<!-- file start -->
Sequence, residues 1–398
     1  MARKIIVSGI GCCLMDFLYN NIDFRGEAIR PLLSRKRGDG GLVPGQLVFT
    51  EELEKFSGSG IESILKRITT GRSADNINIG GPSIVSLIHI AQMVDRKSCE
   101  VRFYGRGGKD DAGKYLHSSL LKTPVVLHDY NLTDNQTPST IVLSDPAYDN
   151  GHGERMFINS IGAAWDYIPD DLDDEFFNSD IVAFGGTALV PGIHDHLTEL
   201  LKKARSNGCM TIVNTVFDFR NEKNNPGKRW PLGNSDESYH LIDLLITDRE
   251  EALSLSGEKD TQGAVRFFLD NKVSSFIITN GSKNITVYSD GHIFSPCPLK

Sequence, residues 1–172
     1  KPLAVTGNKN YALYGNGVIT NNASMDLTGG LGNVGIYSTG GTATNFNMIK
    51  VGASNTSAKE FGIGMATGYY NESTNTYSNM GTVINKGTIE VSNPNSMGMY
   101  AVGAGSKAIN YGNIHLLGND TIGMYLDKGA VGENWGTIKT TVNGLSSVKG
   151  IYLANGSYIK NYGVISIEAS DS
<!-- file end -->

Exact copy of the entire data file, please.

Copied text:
Sequence, residues 1–398
     1  MARKIIVSGI GCCLMDFLYN NIDFRGEAIR PLLSRKRGDG GLVPGQLVFT
    51  EELEKFSGSG IESILKRITT GRSADNINIG GPSIVSLIHI AQMVDRKSCE
   101  VRFYGRGGKD DAGKYLHSSL LKTPVVLHDY NLTDNQTPST IVLSDPAYDN
   151  GHGERMFINS IGAAWDYIPD DLDDEFFNSD IVAFGGTALV PGIHDHLTEL
   201  LKKARSNGCM TIVNTVFDFR NEKNNPGKRW PLGNSDESYH LIDLLITDRE
   251  EALSLSGEKD TQGAVRFFLD NKVSSFIITN GSKNITVYSD GHIFSPCPLK

Sequence, residues 1–172
     1  KPLAVTGNKN YALYGNGVIT NNASMDLTGG LGNVGIYSTG GTATNFNMIK
    51  VGASNTSAKE FGIGMATGYY NESTNTYSNM GTVINKGTIE VSNPNSMGMY
   101  AVGAGSKAIN YGNIHLLGND TIGMYLDKGA VGENWGTIKT TVNGLSSVKG
   151  IYLANGSYIK NYGVISIEAS DS